TEDxTokyo yz 3.0
TEDxTokyo yz 3.0
Aoyama Gakuin Studio
February 2nd 2013
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TEDxTokyoSalon Vol.2 – ”Technology’s Human Factor”
TEDxTokyoSalon Vol.1 – ”Future of Learning”
TEDxTokyo Teachers 2015
TEDxTokyo Change 2013
TEDxHaneda 2016 “Flying Together”
TEDxTokyo yz 3.0
TEDxTokyo yz is an off-shoot of TEDxTokyo. It began with a conference on June 19th, 2010, and has since grown into a community of entrepreneurial and innovative young doers in the Tokyo area who are dedicated to making a positive impact on society and taking concrete steps towards a sustainable future. In addition to following the spirit of TED’s “Ideas worth spreading”, the team are motivating and enabling talented young people to make a difference as they are just starting their journey. They do this through sharing connections, information, forums, workshops and other inspiring events.
Whilst overlapping with some areas of the the TEDxTokyo community, “yz” has developed a flavor of its own. Although there are no strict rules regarding the age of team members, “yz” participants tend to be younger and are at earlier stages of their journey in life. Accordingly, “yz” events and community are governed more freely and with less exclusivity.
TEDxTokyo yz is continuing to grow organically through every event held, both with regular follow-on events and on-line activity. Find out more about the TEDxTokyo yz team here.
TEDxTokyo yz 3.0: de-mosaic-ing
Thanks for all who attended the TEDxTokyo yz event on February 2nd. The event ran smoothly with the help of all the volunteers, supporters, and most importantly the speakers who dedicated their time to share their stories. We’d also like to thank the TEDx community members from Tokyo, Kyoto, Tohoku, Kyushu and Taipei. We hope you all had a great time, and took home some new ideas with you.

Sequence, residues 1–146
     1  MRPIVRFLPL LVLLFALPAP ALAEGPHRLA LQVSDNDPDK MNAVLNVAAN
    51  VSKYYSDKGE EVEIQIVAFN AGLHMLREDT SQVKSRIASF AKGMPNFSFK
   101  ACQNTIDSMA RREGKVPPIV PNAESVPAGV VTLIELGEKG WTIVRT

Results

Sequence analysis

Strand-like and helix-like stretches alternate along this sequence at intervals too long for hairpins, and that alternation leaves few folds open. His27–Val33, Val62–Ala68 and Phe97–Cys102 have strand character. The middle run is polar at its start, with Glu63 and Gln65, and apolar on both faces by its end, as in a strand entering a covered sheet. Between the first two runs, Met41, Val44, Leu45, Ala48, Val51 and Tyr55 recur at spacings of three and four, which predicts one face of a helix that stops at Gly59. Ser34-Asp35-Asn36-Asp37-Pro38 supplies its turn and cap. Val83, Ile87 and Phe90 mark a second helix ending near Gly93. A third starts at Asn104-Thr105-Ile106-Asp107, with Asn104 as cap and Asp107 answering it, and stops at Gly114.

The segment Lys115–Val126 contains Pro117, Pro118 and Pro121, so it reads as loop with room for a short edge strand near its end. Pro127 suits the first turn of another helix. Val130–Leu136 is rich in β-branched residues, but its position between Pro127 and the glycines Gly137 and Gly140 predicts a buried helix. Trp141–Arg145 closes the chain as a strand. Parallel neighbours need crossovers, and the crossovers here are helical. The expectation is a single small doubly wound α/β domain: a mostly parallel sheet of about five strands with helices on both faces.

In numbers, we had a total of 82 curated participants, 11 supporters, and 10 speakers who present at the event.
Here’s a quick recap of the day for those who couldn’t attend.
We kicked off the event with a performance by Ms. Fujima, who wooed the crowds with her charming version of Fujima-styled dance. We then met Kurihara-san and learned about his endless adventures in experimental designs for improving human interaction. Kurihara was named as a winner of the 2012 Ig Nobel prize – an award sponsored by the Annals of Improbable Research magazine for weird and humorous scientific discoveries.
Kensei joined us as the last speaker for the morning session and invited us to think deeply about the benefits of “misconception” and “misunderstanding”. When he grew up, he was always under the impression that everyone wanted to be the best of something in the world and thus developed a skill of his own. His success was met with a sudden loss of direction, as he realized that none of his friends shared the same passion, and merely thought that Kensei was out of his mind.
In the afternoon, we met Aya, a successful entrepreneur who created her own brand of neckties, “Aya Ohzeki”. Her product was introduced as a Japanese team official uniform and was exhibited at Master Tailors 2011. Rie Yamazaki then came on stage and told us how she acquired a comprehensive knowledge of social sciences, humanities, and fine arts from the “Lab-Atelier” program that she attended. Chiharu finished off the afternoon session by educating the audience in building a better, sustainable lifestyle that is eco-friendly. Her video of “slaughter workshops” provided rich educational material for both adults and childrens, giving everyone pause to ponder on human impact upon the environment.